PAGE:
It's a year since the 100th anniversary of the end of WWI but there are still many untold stories of the Australian Imperial Force.
More than 100 Australian soldiers supported the White Russian people after WWI ended but, at the start of WWI in 1914, the Russian-Australian alliance was even stronger. The AIF had more than 1000 Russians in its ranks, known as the Russian Anzacs; 1037 Russians enlisted in the 1st AIF, allocated to a range of battalions including the 9th, 10th, 27th, 32nd and 5th Pioneer Battalions. They were born in various parts of the Russian Empire; 80 per cent (804) went overseas and 15 per cent were killed (124).
Russian enlistments were the most numerous non-Anglo/Celtic group in the AIF, ranking immediately after soldiers born in the UK, Ireland and NZ. They were Russians, Estonians, Fins, Slavs, Russian Germans, Latvians, Estonians, Baltic Germans and Lithuanians, ethnic Russians, Ukrainians, Belarusians and Poles plus a few ring-ins, obviously on the run.
One Russian Anzac was Alexander Alexandroff. He was born at Vladivostok in 1893 and came to Australia in 1914. He was a cook by trade and signed up for the AIF in August 1916 as a member of the Dubbo Depot Battalion. He trained at the Liverpool Field Training Camp (Holdsworthy) and served as a private on the Somme, France, 1917 to 1918. He suffered a gunshot wound to his left wrist.
Discharged on August 25, 1919 in London he enrolled immediately in the Middlesex Regiment as an interpreter for the North Russian Relief Force. Made an Acting Sergeant, Alexandroff served for 12 months in the Murmansk/Archangel area and was discharged in 1920. Part of the deal for serving with the British in the Relief Force was guaranteed free passage home to Australia.
He was once falsely accused of being a Bolshevik. His response was straight to the point: "I cannot be dishonest to this country that I have been in for nearly 30 years." He died in 1968, at 75.
The underlying reason for the mass enlistment of Russians in Australia for army service was the edict from Russia that all eligible men of the Russian Empire living overseas had to register in the army of that country, or else. The numbers were particularly high in NSW (373 recruits) and SA (135). They had to seek permission from the Imperial Russian Consul, N.A. d'Abaza, for a licence to enlist in the AIF.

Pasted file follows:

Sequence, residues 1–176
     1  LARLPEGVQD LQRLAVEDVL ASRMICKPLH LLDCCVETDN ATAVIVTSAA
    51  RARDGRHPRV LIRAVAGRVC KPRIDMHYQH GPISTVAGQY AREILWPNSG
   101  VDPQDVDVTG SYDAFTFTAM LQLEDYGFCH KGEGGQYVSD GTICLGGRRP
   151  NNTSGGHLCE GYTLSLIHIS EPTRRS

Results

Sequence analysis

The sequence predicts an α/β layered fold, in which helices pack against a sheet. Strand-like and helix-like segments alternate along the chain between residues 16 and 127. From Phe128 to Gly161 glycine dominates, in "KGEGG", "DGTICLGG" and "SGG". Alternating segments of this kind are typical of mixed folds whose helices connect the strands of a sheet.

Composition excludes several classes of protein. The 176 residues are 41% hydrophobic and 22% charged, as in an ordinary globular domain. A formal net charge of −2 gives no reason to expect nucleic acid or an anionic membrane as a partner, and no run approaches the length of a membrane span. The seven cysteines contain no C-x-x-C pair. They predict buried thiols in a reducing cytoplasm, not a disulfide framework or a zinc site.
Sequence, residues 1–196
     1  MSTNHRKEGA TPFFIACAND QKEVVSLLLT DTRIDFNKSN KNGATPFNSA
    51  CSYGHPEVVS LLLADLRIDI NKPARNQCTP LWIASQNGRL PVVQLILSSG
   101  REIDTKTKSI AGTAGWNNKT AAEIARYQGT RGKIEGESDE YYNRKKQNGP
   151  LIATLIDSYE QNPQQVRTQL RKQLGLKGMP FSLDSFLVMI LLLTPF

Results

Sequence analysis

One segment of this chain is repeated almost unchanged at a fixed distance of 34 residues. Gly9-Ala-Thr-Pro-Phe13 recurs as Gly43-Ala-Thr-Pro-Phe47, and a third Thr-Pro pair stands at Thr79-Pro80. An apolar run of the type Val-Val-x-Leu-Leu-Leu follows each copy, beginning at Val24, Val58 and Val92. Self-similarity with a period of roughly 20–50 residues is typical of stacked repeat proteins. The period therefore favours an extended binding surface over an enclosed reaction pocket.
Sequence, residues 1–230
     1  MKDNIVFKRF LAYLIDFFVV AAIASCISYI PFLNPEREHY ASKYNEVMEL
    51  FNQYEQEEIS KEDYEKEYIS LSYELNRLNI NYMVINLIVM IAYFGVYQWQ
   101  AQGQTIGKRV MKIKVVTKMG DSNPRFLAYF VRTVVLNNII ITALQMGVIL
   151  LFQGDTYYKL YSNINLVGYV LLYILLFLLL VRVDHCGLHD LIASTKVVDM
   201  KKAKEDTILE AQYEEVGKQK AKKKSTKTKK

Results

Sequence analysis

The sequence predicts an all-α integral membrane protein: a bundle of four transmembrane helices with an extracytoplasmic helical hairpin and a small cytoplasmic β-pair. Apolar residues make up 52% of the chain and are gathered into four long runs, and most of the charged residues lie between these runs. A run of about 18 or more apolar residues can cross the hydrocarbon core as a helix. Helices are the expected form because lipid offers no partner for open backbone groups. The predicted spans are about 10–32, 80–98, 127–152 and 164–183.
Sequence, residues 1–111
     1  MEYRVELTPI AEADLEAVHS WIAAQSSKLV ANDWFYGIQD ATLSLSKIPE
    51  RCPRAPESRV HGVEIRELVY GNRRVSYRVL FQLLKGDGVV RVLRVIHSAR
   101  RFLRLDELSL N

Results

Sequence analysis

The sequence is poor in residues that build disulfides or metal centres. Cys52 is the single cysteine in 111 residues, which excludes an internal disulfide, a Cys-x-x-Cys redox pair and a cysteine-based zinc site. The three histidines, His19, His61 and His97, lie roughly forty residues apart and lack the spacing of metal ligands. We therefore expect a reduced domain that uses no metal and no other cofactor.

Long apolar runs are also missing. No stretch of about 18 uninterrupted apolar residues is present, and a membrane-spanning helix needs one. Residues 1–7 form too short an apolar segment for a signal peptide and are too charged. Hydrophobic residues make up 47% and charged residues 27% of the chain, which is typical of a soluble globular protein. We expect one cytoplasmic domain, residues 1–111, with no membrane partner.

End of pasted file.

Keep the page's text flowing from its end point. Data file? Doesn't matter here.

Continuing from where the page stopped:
Most Russians in Australia were seamen but in times of limited fishing opportunities they came ashore. Some became cane-cutters in Queensland. The Australian Army paid the highest wage of any army in WWI -- an attraction regardless of their birth country's edict.
They fought with distinction alongside Australian-born soldiers. Many changed their Russian names to English names for simplicity among fellow Allied soldiers, who probably had little chance of pronouncing the Russian names -- even harder to write.
Their seaman/cane-cutting backgrounds made them ideal and tough soldiers; 36 of them fought at Gallipoli and 24 died. They were equally heroic on the Western Front by winning nine Military Medals. At the Battle of Pozieres, one section (27 men) of the 9th Battalion were all Russian-born. Many returned to Australia after WWI and married Australians -- socially challenging then. but many reinforced their loyalty to Australia by taking up citizenship.
There are several Australian monuments to the Russian Anzacs, including a tree and a plaque at the Shrine of Remembrance in Melbourne. The plaque reads: "In blessed memory of the Imperial Russian Forces who served in World War I and the 1000 Russian citizens who fought in the 1st AIF 1914-1918."
The memory of the Russian Anzacs of WWI is especially commemorated each Anzac Day by the Russian community across Australia.
- Mike Davis, vice-president, Moorebank Heritage Group, firstname.lastname@example.org.